The common theme running through these diverse stories is that of a constant failure of objects and people to adapt to the present. Intentions and hopes are misunderstood and neglected, leaving a gap between the object (and its human provenance) and the rest of the world. They become lost because they have lost. As a result, the stories are silenced and forgotten, the objects rendered trivial. Relationships collapse and people die too soon, but hope lies in the fact that things survive—they remain unheard, but nonetheless they remain, clutching onto the periphery of the shared present like the enigmatic sixth finger that demands (a different) history to be told.”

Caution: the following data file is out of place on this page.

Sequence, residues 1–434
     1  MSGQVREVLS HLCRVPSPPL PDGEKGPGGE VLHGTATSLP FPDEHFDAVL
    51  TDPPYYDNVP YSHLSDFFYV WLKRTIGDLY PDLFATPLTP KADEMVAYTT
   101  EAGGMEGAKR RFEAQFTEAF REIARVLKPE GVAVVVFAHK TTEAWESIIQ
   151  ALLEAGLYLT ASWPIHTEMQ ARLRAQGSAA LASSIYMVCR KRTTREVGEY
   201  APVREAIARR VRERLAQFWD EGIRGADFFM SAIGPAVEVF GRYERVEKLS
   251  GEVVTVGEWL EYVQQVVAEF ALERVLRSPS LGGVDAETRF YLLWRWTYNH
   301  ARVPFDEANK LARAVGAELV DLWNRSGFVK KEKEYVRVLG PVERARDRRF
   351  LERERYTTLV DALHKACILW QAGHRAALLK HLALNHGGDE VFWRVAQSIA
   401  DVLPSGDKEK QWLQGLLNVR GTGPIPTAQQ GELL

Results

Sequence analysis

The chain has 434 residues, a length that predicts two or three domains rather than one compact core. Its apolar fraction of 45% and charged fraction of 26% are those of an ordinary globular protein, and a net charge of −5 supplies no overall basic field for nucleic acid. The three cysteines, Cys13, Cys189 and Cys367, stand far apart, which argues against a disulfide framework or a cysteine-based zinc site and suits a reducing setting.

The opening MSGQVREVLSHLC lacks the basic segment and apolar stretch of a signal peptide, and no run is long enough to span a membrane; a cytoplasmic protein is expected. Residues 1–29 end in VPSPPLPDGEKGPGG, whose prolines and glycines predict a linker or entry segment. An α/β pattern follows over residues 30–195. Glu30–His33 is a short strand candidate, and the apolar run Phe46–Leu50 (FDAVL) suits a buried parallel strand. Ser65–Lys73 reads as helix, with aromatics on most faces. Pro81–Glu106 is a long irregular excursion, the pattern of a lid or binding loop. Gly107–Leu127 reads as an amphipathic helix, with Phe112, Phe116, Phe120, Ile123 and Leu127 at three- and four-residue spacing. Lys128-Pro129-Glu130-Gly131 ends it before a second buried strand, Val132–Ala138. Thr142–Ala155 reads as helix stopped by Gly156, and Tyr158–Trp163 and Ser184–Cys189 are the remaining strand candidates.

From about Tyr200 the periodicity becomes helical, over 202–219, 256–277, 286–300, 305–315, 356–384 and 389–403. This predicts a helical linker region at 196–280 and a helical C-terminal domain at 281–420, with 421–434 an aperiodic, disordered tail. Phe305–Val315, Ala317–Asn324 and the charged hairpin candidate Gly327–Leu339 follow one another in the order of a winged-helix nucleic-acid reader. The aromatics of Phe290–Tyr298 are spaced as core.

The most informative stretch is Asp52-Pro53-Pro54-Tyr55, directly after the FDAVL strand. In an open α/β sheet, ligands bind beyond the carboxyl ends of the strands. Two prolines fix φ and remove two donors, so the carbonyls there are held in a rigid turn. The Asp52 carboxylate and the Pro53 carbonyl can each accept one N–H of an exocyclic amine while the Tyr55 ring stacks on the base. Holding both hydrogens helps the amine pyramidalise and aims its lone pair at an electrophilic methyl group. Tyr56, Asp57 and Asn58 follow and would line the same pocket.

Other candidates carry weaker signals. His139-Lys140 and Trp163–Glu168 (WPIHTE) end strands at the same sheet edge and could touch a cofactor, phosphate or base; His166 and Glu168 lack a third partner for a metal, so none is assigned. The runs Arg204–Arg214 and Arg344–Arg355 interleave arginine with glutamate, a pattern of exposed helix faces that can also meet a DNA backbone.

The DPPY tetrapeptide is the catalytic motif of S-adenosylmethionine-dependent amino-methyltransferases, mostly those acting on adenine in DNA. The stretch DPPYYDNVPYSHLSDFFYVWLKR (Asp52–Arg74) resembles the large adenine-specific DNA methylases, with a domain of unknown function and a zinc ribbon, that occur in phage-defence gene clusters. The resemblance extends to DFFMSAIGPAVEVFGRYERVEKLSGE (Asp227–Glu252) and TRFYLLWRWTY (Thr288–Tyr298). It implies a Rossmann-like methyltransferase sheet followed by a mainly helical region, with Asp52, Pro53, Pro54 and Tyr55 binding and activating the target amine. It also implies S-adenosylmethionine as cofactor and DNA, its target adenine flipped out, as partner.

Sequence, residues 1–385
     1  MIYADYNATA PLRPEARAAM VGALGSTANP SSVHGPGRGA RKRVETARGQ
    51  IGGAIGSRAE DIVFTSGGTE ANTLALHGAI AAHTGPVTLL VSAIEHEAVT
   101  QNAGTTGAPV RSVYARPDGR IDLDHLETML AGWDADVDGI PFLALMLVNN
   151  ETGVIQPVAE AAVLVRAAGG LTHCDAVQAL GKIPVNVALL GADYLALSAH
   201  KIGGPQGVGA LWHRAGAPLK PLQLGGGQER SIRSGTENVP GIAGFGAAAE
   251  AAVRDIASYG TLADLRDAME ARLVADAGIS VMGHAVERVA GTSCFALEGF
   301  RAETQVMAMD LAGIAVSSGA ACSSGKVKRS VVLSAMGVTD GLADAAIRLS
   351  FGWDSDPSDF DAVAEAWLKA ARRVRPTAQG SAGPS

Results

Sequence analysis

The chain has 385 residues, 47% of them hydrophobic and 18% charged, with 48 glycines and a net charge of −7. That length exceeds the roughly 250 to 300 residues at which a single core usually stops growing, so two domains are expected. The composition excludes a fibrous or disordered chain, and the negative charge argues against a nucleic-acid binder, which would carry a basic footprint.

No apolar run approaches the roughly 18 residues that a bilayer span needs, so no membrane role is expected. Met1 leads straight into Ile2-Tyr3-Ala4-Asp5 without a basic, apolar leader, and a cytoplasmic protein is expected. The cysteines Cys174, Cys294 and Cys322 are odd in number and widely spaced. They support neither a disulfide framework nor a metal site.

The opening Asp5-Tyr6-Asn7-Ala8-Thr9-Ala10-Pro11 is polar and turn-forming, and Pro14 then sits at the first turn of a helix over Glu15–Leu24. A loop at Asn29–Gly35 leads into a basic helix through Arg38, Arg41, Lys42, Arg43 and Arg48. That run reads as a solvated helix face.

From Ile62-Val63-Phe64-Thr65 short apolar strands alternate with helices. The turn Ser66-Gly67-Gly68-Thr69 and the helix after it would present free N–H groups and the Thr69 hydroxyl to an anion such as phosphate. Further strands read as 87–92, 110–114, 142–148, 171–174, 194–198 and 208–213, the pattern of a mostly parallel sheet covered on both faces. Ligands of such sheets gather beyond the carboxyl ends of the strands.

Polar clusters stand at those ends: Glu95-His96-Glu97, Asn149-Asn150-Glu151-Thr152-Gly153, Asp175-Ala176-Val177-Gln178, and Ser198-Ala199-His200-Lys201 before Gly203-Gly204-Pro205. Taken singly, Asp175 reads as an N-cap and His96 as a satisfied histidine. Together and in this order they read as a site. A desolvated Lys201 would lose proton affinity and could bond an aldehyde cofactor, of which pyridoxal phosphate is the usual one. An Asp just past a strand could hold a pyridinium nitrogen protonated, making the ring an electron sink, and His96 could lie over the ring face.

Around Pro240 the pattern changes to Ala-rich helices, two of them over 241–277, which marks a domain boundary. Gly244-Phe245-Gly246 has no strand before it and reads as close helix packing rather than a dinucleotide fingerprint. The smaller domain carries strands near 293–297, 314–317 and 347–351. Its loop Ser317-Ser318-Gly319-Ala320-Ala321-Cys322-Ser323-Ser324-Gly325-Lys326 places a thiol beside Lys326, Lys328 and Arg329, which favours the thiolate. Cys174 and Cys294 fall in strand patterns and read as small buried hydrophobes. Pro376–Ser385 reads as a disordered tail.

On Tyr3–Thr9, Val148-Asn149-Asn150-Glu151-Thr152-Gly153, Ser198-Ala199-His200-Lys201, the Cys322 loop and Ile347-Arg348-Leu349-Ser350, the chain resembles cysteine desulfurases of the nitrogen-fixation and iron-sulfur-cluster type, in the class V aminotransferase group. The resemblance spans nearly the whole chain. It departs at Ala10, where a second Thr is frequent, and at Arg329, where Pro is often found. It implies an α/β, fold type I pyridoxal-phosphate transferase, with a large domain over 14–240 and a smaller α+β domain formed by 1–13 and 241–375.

The book can be purchased via Already Not Yet.
The proceedings of CARPA 4 (Colloquium on Artistic Research in Performing Arts) held in Helsinki a year ago on the topic of “The Non-human and the Inhuman in Performing Arts” has been published online. We were invited to perform HOUSE MUSIC (C) with Lindsey Drury and Johanna Gilje, and you can see/read a text (abstract) describing what we aimed to do, a video documenting what we actually did, and an image depicting what happened as a result, here:
The abstract went something like this: